Todays blog on Christian Megert, because next Saturday afternoon an important Christian Megert exhibition will be opened at de Rijk/ Chabot fine art. Suisse born and one of the earliest ZERO artists, he researched space and composition mainly by using mirrors and reflecting materials .
Because of the reflections created this way his art is also very close to the Kinetic art which was made in those days. Megert stayed true to his discoveries in creating his compositions with reflecting materials (mainly mirrors) and is increasingly becoming more appreciated and collected by important collectors all over the world.
This is an exhibition not to be missed and any serious (ZERO) collector should pay a visit to the Megert exhibition at de Rijk/Chabot Fine Art.
Yes, it took a period of over 50 years for Peeters to become the household name in Zero art as he is now. Shortly before his death in 2013 there was a retrospective exhibition at the Gemeentemuseum Den Haag. At that occasion the famous Nul/Zero catalogue from 1963 was published as a facsimile. The original catlogue is an extremely hard find these days and when you encounte a copy. The condition in most of the cases is not what you had hoped for. At one time http://www.ftn-books.com had the the original, the facsimile and the multiple signed Peeters edition available, but that was a long time ago. All sold out at record prices, but now i am lucky to have bought the best copy i have ever owned. The condition is MINT_ and it is now available at http://www.ftn-books.com.
Here are the images of the originalNul/Zero book now available condition is MINT-
and these are my pictures from the multiple by Peeters published on the occasion of his Retrospektive:
For those interested in Peeters history read here the text the Gemeentemuseum published at the occasion of the Henk Peeters Retrospective:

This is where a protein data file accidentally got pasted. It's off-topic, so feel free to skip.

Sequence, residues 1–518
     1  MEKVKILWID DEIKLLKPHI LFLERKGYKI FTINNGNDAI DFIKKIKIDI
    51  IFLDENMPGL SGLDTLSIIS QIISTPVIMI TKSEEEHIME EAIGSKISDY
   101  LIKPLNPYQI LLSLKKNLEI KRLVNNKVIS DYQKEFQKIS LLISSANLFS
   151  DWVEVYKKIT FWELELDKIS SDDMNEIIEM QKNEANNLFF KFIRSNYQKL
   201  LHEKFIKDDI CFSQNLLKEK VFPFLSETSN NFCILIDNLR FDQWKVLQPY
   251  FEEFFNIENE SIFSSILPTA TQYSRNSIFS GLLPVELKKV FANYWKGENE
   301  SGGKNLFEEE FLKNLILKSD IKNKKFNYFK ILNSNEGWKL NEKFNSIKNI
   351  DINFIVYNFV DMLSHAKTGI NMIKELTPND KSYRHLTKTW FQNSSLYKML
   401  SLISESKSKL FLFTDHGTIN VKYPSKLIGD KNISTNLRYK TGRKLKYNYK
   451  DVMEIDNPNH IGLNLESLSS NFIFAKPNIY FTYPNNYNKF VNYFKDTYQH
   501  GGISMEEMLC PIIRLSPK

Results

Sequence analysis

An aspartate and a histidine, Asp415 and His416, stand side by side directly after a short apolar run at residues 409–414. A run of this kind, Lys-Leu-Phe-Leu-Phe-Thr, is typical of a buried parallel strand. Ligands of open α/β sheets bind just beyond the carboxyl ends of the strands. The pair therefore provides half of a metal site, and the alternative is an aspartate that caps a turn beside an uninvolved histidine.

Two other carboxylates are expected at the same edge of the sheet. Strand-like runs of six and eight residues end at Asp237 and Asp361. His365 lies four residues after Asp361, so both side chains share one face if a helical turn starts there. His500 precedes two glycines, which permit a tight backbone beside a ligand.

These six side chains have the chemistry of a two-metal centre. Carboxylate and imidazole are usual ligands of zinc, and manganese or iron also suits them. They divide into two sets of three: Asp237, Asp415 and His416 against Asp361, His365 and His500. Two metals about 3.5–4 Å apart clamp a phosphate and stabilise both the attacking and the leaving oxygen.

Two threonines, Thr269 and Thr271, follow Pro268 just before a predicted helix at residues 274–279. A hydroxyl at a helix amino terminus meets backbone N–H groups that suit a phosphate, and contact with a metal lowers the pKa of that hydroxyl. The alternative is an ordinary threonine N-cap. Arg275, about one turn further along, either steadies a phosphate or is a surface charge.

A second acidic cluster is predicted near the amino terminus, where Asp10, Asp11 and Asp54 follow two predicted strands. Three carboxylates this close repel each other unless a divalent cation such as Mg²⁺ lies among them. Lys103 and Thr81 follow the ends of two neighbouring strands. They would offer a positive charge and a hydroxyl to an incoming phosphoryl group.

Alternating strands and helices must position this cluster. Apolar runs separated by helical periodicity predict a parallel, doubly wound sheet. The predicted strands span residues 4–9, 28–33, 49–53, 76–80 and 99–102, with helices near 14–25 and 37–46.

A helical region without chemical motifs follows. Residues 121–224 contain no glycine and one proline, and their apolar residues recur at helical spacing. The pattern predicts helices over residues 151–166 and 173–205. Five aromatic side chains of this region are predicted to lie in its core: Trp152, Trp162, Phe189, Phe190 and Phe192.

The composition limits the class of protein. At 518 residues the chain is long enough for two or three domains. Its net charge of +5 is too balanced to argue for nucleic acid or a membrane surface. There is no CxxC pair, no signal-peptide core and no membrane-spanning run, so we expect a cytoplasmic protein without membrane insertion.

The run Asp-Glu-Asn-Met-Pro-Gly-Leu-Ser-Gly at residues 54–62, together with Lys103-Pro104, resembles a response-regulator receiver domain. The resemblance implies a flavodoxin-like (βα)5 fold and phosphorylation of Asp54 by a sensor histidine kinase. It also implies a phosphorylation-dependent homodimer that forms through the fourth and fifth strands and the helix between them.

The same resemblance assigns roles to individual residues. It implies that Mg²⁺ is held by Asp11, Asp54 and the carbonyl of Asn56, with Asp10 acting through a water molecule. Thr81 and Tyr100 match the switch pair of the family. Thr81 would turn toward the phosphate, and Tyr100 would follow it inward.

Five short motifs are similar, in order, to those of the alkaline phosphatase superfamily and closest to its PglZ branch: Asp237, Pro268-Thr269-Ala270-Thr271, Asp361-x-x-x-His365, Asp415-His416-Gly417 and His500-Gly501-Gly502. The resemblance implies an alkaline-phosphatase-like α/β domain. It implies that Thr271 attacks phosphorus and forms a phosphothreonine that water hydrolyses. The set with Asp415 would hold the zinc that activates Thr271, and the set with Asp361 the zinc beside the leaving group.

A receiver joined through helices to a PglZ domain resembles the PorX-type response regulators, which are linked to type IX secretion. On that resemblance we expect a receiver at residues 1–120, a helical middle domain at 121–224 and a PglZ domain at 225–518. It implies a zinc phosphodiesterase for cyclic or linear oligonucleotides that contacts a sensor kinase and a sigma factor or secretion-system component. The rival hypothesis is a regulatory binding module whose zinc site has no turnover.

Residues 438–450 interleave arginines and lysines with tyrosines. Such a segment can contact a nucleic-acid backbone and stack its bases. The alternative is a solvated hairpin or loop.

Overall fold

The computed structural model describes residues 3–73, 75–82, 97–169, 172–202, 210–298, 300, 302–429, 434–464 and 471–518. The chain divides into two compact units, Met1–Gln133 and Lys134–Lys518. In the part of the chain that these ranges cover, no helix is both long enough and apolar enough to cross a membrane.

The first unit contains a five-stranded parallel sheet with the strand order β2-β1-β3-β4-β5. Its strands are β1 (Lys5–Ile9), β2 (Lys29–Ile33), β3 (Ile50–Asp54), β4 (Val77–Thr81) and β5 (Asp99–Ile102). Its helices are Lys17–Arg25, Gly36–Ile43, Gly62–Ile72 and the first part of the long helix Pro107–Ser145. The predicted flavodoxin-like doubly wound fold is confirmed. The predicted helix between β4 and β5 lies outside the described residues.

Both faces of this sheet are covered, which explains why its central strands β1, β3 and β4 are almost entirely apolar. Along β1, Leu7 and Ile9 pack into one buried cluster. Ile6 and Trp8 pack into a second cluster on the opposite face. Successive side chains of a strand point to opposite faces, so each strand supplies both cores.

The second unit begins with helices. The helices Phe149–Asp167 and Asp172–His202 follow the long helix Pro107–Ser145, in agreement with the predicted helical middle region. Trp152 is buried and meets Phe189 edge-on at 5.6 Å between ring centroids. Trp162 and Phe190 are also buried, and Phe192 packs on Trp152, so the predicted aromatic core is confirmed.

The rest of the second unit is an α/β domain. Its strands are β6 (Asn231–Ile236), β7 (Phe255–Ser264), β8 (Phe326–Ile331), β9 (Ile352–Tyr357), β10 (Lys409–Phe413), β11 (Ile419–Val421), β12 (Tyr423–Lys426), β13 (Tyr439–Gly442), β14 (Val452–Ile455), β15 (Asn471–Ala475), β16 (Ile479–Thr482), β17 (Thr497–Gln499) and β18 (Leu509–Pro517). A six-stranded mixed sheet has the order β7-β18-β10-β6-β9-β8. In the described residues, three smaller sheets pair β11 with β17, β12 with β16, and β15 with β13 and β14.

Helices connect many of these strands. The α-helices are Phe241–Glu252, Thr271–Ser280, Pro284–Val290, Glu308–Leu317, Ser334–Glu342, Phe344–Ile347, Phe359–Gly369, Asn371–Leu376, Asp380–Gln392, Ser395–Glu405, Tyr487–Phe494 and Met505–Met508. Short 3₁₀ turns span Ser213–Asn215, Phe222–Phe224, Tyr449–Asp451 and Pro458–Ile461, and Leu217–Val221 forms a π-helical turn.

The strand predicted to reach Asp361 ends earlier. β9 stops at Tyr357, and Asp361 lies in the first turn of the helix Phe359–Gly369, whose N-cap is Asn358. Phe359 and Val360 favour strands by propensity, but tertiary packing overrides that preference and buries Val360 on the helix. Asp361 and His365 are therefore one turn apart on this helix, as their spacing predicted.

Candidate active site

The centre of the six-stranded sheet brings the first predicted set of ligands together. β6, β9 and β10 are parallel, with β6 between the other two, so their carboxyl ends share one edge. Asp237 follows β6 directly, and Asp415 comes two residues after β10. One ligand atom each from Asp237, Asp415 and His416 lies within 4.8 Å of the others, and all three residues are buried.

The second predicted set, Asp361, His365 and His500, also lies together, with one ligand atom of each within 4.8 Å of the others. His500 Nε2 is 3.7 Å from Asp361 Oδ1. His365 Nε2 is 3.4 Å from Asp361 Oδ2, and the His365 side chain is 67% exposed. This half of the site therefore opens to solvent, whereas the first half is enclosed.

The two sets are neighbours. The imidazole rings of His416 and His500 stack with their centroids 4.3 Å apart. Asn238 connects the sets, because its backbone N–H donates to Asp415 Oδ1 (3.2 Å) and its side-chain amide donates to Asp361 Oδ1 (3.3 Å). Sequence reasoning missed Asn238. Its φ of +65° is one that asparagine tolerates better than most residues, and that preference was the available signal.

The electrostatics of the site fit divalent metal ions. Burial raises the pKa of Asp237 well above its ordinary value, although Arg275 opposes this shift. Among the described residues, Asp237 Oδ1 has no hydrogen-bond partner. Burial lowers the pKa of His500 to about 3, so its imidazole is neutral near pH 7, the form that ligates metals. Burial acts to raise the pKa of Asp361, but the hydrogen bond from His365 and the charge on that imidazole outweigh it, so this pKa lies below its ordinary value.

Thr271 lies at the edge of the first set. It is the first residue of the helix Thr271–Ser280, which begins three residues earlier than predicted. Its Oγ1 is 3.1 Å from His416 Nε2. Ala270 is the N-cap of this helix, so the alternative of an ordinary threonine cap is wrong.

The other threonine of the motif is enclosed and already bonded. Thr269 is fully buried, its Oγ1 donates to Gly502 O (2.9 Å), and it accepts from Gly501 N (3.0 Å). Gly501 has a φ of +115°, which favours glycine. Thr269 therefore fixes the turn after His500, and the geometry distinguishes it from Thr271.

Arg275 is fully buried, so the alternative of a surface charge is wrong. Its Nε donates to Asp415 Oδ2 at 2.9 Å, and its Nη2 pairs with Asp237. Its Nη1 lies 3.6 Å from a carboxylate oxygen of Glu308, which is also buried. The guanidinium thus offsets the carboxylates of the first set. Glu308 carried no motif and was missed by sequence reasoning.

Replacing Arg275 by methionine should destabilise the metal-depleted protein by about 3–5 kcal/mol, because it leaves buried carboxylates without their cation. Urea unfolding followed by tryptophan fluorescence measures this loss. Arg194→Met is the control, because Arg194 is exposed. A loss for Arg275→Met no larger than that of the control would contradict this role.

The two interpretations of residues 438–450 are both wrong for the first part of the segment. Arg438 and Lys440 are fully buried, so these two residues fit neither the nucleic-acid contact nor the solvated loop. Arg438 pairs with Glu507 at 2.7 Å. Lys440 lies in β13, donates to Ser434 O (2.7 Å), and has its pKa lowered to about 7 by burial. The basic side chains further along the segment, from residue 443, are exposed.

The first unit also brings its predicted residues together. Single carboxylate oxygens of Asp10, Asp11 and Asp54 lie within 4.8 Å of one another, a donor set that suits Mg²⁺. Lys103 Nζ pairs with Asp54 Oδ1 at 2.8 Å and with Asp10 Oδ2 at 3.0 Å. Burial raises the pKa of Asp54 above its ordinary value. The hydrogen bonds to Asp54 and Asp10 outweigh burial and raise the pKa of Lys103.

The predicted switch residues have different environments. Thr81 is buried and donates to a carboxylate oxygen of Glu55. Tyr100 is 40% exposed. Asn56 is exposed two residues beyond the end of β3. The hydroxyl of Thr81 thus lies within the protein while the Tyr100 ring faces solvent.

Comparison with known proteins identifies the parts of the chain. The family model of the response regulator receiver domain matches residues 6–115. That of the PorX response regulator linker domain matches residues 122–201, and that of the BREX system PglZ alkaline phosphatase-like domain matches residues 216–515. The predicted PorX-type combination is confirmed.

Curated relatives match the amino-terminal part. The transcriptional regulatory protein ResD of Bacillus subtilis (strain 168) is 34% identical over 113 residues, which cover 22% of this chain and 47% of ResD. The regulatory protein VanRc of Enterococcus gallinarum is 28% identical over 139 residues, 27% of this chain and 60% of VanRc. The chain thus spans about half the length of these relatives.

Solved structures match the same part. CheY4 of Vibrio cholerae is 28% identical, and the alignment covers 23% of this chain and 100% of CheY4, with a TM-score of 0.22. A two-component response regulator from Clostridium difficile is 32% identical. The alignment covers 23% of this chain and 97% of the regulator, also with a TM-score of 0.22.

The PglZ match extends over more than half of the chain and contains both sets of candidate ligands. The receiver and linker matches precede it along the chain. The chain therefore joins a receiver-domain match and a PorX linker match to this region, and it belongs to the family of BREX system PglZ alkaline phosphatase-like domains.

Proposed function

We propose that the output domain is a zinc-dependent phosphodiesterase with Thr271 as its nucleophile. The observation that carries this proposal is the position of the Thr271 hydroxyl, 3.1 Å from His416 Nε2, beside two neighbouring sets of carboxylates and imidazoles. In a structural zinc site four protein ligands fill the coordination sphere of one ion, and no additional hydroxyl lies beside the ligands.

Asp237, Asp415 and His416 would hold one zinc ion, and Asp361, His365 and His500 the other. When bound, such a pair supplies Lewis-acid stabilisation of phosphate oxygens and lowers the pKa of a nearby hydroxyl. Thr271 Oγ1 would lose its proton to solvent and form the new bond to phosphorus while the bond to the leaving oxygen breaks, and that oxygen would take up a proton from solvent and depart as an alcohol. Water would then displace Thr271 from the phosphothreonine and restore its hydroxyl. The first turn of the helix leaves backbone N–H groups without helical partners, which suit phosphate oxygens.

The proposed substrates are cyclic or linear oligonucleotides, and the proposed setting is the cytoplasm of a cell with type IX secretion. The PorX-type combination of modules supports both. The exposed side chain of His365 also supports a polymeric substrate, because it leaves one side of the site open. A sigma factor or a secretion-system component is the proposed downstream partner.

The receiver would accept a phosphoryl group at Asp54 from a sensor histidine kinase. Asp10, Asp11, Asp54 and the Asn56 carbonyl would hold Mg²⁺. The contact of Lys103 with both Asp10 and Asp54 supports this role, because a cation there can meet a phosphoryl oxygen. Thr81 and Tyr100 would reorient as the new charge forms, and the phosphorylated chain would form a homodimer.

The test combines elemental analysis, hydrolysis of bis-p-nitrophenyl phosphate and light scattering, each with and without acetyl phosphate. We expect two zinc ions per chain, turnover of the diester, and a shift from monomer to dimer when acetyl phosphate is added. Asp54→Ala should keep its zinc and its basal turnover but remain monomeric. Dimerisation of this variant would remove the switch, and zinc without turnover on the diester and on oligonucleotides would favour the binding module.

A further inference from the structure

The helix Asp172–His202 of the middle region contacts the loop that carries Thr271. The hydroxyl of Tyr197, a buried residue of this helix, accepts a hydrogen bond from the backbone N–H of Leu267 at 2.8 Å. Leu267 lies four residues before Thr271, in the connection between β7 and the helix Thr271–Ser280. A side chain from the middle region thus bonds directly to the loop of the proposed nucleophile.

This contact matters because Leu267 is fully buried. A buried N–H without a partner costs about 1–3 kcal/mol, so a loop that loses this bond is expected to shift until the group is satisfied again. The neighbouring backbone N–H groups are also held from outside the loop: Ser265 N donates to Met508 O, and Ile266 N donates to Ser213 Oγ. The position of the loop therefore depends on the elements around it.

10 September 2011 till 12 February 2012
‘The world is going to change radically.’ Henk Peeters (b. The Hague, 1925) said so more than once. The statement was an expression of his deep desire for a Communist society. It was not to be, but Peeters remained an idealist. Together with Armando and Jan Schoonhoven, he founded the Nul group – the Dutch arm of the international ZERO movement (including artists like Piero Manzoni en Lucio Fontana), with which he maintained close contacts. Their art was all about eliminating the artist’s personal style and elevating everyday life to art through the use of ordinary materials. Peeters used cotton wool, feather and hair in his artworks and even ‘drew’ and ‘painted’ with smoke and fire. This autumn, the Gemeentemuseum’s Willem Cordia Room welcomes the first ever one-man show of Henk Peeters’ work from the 1960s. A major installation involving bags of water will be recreated especially for the occasion. It was originally on show at the successful international ZERO-0-NUL exhibition held at the Gemeentemuseum in 1964.
Peeters was a spider in the web of the international ZERO movement of the 1960s and it was thanks to his efforts that the big Zero/Nul exhibition was held in the Netherlands (partly at the Gemeentemuseum in the The Hague, the city where the Nul group enjoyed its heyday). He disseminated and published Nul and ZERO manifestos and even today is an important source of information for researchers and writers concerned with the history of ZERO and Nul.